Uriah Hall fought his heart out like a warrior on UFC 175 even with a dislocated 2nd toe joint. Just from analyzing the photo attached, it looks like the toe was dislocated at the proximal interphalangeal joint of the second toe. Biomechanically it looks like the bunion & the tailor's bunion did not seem to help Mr Hall in his fight. It looks like the second toe is taking way too much force as the bunion joint is not moving or supporting the spin secondary to the alignment from the bunion.
When a fighter throws a roundhouse kick or a spinning kick there is a lot of circular force going through the support leg and toes. Typically the toes will fan out to act as disc brakes and help to control the fighter's momentum and balance. This is where the bunion joint is stuck and the second toe takes way too much lateral force as the person is spinning. Treatment for an exposed bone in any situation would be treated as if the patient has osteomyelitis, it is assumed a bone infection. Whenever a bone is exposed to air or touches an object it also assumed infected. Most likely treatment in this case will be 6 weeks of intravenous antibiotics, surgical flushing and closure of the second toe with possible pinning, his career will not be in jeopardy for this warrior. He will not be fighting or training anytime soon at least within the next 6 weeks with this kind of injury. I certainly hope he will read my blog about minimally invasive bunionectiomies and get that taken care of during this medical leave.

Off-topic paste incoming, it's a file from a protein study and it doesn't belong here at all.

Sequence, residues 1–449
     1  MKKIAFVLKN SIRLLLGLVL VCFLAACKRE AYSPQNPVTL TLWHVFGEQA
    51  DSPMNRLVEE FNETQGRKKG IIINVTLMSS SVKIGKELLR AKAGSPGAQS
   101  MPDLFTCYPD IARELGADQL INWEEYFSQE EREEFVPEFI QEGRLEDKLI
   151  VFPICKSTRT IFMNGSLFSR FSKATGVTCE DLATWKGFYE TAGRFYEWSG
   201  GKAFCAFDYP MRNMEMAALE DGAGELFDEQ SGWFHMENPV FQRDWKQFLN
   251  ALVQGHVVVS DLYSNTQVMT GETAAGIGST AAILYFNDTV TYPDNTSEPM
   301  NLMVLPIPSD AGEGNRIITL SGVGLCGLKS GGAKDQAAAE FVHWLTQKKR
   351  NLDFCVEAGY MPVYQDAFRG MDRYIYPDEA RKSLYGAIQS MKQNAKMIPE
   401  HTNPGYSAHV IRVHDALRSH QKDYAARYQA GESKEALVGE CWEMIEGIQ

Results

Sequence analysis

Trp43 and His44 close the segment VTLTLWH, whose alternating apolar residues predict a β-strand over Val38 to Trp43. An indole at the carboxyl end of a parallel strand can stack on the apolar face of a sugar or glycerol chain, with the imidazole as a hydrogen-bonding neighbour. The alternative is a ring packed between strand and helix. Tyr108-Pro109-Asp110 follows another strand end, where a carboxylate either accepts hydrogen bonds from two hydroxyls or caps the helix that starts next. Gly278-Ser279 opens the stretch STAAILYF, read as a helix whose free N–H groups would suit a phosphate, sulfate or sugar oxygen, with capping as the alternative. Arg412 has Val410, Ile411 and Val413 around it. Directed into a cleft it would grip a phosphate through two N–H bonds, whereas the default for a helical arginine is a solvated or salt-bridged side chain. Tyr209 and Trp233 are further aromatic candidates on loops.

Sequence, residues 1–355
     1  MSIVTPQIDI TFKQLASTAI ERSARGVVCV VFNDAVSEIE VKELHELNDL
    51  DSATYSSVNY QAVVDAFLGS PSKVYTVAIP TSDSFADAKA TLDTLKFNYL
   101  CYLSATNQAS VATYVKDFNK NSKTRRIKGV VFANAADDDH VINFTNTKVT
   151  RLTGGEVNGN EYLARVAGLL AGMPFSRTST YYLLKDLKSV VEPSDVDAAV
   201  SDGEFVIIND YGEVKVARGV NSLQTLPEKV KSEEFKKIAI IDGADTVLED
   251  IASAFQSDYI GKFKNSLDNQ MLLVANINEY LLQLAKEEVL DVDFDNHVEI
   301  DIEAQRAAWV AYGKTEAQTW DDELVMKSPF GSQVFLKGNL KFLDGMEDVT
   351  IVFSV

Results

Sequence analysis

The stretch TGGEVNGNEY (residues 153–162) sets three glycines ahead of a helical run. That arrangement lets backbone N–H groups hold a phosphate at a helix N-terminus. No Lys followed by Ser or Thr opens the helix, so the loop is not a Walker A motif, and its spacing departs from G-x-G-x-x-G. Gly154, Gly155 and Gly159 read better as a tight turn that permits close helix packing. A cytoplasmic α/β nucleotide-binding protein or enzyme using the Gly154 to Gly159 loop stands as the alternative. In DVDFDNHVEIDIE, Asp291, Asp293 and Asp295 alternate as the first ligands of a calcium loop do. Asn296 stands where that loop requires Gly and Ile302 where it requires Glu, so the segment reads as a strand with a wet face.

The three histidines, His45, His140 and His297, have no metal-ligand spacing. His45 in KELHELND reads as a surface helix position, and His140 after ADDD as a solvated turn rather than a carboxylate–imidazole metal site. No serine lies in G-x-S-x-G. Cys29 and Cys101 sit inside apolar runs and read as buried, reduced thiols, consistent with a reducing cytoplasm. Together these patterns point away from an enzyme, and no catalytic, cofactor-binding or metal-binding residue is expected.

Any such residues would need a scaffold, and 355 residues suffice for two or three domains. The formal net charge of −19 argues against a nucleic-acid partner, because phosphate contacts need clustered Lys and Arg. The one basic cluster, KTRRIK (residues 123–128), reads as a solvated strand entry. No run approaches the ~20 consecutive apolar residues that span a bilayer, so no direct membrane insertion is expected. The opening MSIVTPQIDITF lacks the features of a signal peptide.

Disclaimer: I am NOT Uriah Hall's Doctor, just speaking as an avid ufc fan and spectator looking at this photo of the injury.
Dr. Kevin Lam
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In the above pictures you you see the tremendous force being placed on the 2nd toe naturally during a kick and in this photo of my foot, my big toe joint is working. Imagine that force on the second toe by itself. Video below shows the lateral force that the toes undergo while doing a kick.